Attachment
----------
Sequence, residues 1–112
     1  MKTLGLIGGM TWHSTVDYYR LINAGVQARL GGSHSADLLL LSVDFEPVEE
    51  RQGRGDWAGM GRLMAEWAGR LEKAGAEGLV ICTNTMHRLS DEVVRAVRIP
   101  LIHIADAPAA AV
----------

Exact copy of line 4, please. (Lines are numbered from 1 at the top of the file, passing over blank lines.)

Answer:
   101  LIHIADAPAA AV